Members of this class include the successful welding guy, the successful retailer, the better-than-average change-money guy, the successful cross-border trader, the guy who sells building materials, the popular mechanic. Some do white-collar jobs, but most are blue-collar hustlers.
Members of this class are creative. The work things out. They find solutions to problems. They hustle and tussle for their own share in the oligopolistic political economy. They are mobile, they migrate from one opportunity to another. They quickly shift capital from an overcrowded opportunity onto the next best thing.
When things work well, they manage to establish themselves in industry and quickly move into nobility. When things don't work well, they quickly fall back to the lower class of the working poor or even the unemployed.
This class always compares itself with the False Middle Class and views itself as better because of the freedom and the higher chances of upward mobility.
Class size can easily reach 400,000.
8. The Working Poor
These are the real taxpayers. They are shouldering the burden. The working poor exist in both the public sector and the private sector.
In the public sector, this is the foot soldier who lives from paycheck to paycheck, it’s the underpaid teacher, the disgruntled nurse, and the protesting doctor. Salaries can barely cover living expenses. They end up doing all sorts of side-hustles such as selling Avon, Tupperware, and offering extra-lessons.
The bulk of the civil servants are in The Working Poor Class. For prolonged periods, costs of being employed (such as transport costs, appearance costs, etc.) can outweigh the benefits of being employed (salary) such that they end up subsidizing the employer.
In the private sector, these are the fellas that hold on to jobs that do not pay well. The thesis is that it is better to have something than nothing. There is also an element of subsidizing the employer when inflation accelerates faster than wage increases, which is a phenomenon that occurs time and time again in Zimbabwe.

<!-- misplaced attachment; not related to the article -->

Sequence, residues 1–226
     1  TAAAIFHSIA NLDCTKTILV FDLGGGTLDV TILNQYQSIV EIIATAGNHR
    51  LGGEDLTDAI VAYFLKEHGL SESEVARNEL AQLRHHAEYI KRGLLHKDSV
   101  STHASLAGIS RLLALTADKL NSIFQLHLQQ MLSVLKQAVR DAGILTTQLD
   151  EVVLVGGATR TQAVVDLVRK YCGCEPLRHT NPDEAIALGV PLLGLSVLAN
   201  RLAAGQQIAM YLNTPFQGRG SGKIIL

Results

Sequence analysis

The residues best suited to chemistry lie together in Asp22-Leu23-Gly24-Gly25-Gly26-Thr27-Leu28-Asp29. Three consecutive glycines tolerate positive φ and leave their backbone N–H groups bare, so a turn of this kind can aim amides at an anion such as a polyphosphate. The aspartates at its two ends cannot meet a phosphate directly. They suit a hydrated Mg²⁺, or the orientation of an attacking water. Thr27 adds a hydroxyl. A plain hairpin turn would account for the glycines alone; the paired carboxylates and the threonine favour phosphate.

In the informal sector, you have a lot of people in this class. They are not working formal jobs, but they are working. Aren’t they? Vendors, tiny retailers, poor farmers, and loss-making hustlers.
On the hustlers, there is a common misconception that hustlers make lots of money. Most hustlers do not earn enough, they are poor, and they form part of the working poor. Only a few of them make it into the Hustling Creatives class, and because it is a remarkable achievement to make it into that class, that event is over-glorified and portrayed as applying to the generality of the hustlers when it only applies to a tiny fraction.
The working poor is a very big class. The size of the class could be around 3.5 million.
9. The Unemployed
This is a very sad element of the country’s societal structure.
This class is made up of people who are not meaningfully working. They are not economically active. They are idle most of the time. Some of them survive on foreign remittances and occasional piece jobs. Some manage to jump into a quick hustle here and there. They are usually under 30.
Ghetto youths belong to this category. Poor subsistence farmers belong in this category.
Class size could be around 4.5 million
Zimbabwe’s classes are largely defined by holding political power, closeness to political power, and the ability to influence and control political power. The first five classes are essentially an imperial structure imposed on top of the society in the form of an ‘elected government’, systems that aid the government, systems that control the government, and the seemingly independent nobility.
Upward Mobility potential can be casually referred to as hope that you will make it one day. Societies that do not provide equal opportunities for upward mobility store up trouble for themselves. Sooner or later people discover that the chances of elevation are rigged and decide to revolt against the system. That's how revolutions come about.
Presented below are my views on the upward mobility potential for members in each class. This is a generalized assessment of how widely distributed the chances of upward mobility in a class are.
Where do you fit?
What are your chances of upward mobility?
What are your chances of downward mobility into a lower class?